wiring two speakers in series

Discussion in 'Car Audio, Electronics & Security' started by Chuck71RS, Mar 25, 2019.

  1. Chuck71RS

    Chuck71RS Veteran Member Lifetime Gold Member

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    Thinking about installing a third pair of speakers under the dash grill (6x9 under package tray, 4" lower-front door panel). Want to fill the car with more sound and something from the front of me and above the door speakers would do so. Very little stereo from the dash so more like a center channel. I get good stereo from the 4" in the lower door panel. The system has a filter for the door panel speakers to block frequencies below 400hz

    Will test with the 4" two-way door speakers under the dash grill. If the results are good, will get either a pair of 3 1/2" or tweeters. With the 4" two-way in the lower door, I think tweeters would be a good addition but will wait till the sound test.

    Would power the dash speakers with the same amp that powers the door speakers. (Package tray speakers have a separate amp). Series wiring two speakers (both 4 ohms) on the same channel will double impedance but power drop is not a corresponding half reduction. Series is safer then parallel.

    Each amp channel is 35rms at 0.5% thd. Tweeters I looked at would have db of 93-97 at 2 watts so not much power needed for volume

    A fader would be needed to balance the door and dash speakers. Don't know how this would be done but since it is in series would a fader be needed for the left pair and one for the right pair?

    Where and how to install a fader in the wiring?
     
    Last edited: Mar 25, 2019
  2. dave@ztech

    dave@ztech Veteran Member Lifetime Gold Member

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  3. Jim Streib

    Jim Streib https://www.flickr.com/photos/121766713@N04/albums

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    While you can wire a tweeter to the 4", you need to do it in parallel and not series. On the channels of the amplifier connected to the 4" up front, at 400Hz and up the amplifier is seeing 4 ohms. If you were to now add a tweeter with a passive crossover on it and let's say it's crossed over at 3KHz, now the amplifier will see 4 ohms from 400Hz up to3KHz and then 2 ohms from 3KHz and up. The amplifier unless it is of some really junk design, should easily handle this setup.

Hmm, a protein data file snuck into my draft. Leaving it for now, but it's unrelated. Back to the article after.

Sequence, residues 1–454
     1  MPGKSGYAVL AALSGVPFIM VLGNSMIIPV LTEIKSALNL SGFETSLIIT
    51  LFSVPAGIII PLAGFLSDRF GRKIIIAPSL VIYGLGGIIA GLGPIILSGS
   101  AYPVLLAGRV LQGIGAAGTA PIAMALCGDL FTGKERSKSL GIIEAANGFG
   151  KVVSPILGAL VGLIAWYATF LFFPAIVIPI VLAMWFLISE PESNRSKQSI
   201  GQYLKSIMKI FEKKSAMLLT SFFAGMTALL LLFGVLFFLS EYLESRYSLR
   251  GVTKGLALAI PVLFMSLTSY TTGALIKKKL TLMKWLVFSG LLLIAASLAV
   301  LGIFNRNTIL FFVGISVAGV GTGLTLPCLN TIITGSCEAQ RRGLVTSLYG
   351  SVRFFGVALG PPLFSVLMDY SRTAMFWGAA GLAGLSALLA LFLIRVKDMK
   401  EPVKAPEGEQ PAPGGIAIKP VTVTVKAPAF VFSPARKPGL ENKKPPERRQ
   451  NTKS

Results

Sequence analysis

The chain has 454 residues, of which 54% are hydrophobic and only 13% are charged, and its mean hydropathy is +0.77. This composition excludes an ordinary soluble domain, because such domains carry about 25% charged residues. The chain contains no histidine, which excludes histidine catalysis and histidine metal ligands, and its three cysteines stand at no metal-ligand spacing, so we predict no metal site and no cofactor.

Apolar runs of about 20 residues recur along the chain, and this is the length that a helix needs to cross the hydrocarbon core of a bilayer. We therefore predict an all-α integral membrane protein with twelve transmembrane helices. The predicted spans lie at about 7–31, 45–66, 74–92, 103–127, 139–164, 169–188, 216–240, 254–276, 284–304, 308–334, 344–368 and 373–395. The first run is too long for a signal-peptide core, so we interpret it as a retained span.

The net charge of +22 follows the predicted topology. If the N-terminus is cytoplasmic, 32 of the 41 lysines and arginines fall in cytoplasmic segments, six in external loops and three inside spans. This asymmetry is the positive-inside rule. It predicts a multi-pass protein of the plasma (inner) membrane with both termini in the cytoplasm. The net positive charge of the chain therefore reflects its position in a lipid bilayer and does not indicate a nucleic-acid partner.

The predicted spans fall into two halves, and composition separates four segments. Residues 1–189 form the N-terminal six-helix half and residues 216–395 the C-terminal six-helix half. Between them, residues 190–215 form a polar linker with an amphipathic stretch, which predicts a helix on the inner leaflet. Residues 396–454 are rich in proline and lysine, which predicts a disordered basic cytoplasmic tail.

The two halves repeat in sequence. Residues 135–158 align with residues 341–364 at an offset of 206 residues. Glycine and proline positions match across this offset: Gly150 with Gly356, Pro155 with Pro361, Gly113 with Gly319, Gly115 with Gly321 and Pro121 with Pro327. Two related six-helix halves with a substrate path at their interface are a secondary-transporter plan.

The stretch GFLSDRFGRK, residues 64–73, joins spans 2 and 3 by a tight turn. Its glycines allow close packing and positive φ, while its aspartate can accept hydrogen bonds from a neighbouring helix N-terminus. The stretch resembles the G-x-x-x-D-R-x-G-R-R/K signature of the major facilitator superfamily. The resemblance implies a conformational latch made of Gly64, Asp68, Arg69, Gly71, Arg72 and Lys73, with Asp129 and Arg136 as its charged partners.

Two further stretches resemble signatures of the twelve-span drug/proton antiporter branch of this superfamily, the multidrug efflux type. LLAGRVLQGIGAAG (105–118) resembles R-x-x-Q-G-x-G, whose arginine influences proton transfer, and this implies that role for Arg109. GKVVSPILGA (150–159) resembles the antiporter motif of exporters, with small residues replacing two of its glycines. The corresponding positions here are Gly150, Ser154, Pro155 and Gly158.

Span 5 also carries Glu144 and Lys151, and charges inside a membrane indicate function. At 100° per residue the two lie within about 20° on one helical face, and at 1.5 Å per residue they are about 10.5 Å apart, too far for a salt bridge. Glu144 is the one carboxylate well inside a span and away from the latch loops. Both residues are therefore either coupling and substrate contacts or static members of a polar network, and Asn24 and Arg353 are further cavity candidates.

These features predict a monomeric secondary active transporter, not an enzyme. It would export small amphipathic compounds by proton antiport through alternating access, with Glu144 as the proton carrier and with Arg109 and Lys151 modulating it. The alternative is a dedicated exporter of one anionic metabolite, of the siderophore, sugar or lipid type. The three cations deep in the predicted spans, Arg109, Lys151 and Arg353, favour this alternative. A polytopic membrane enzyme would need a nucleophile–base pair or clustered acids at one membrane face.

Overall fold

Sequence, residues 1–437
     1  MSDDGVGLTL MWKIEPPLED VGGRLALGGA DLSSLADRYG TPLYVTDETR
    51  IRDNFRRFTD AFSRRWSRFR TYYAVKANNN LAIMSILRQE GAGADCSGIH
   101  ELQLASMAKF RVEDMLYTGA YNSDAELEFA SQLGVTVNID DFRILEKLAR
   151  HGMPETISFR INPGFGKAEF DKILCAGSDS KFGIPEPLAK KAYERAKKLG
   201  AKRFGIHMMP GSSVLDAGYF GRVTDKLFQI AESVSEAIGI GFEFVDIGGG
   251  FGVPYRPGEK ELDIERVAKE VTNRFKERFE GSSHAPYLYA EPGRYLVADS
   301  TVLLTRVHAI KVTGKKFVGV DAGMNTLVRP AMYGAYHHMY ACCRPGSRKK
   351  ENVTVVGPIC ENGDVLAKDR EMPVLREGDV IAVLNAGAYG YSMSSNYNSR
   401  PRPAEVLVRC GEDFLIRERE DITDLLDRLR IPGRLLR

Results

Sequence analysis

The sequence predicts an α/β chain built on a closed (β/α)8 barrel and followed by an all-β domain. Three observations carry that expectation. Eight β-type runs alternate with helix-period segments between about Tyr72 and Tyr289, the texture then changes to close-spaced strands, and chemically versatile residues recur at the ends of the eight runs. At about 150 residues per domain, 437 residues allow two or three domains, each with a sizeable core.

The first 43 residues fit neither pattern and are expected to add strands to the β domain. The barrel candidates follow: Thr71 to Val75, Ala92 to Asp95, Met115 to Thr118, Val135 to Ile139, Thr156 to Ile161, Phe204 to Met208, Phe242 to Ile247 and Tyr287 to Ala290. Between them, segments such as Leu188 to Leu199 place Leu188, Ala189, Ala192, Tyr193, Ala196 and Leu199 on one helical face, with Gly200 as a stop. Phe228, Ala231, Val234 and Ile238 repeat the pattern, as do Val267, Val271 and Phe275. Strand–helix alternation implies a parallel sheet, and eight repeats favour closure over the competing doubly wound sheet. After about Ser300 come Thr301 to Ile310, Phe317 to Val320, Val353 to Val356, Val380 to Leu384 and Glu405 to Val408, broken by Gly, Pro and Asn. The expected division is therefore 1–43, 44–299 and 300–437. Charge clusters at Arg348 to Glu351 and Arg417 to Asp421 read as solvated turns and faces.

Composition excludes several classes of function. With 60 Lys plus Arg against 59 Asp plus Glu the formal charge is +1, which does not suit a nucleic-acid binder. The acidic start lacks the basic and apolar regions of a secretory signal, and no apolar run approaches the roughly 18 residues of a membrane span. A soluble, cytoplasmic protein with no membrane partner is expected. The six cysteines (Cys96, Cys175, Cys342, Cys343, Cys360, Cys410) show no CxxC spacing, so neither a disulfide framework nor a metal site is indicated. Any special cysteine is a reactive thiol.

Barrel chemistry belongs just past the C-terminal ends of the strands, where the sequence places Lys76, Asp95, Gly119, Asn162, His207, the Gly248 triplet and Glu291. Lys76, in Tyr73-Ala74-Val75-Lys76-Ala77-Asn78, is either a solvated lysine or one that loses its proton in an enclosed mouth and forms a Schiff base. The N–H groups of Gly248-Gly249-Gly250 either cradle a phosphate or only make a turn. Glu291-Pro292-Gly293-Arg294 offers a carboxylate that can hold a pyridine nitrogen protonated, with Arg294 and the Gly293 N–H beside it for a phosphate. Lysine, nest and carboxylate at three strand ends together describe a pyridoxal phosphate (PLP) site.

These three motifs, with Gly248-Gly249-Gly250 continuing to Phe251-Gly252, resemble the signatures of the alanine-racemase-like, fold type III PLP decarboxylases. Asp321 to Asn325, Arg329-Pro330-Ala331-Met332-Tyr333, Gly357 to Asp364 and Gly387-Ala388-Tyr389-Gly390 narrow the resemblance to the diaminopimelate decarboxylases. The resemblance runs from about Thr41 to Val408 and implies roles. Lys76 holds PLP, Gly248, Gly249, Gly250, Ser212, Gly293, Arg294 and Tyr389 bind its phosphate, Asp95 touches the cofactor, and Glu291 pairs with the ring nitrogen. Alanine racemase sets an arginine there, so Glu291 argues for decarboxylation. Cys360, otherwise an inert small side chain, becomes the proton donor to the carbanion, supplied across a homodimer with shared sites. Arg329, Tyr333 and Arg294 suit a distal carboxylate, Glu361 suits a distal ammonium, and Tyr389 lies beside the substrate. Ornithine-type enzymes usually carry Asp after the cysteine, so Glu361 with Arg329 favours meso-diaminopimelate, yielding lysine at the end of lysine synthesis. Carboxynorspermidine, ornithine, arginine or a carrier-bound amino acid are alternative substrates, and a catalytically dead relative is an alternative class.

You didn't state how the 4" are getting crossed over at 400Hz and it can be done two ways. Electronic or passive crossover. If you are using an electronic crossover in the amplifier, then a second pair of 3.5" or 4" full range could be wired in either series or parallel to the existing 4" and now they will all play from 400Hz and up BUT if you are using a passive crossover on the existing 4" and then add in series a second set of 3.5" or 4", this now changes the impedance for the passive crossover and now the speakers are crossed over at a different frequency.

    https://www.the12volt.com/caraudio/passive-crossover-calculator.asp

    Jim
     
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  4. Chuck71RS

    Chuck71RS Veteran Member Lifetime Gold Member

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    The stereo has a separate eq unit from the receiver. The eq has a fader for front and rear speakers. The eq splits the incoming signal from the receiver to the two amps (one for the front pair and the other for the rear pair).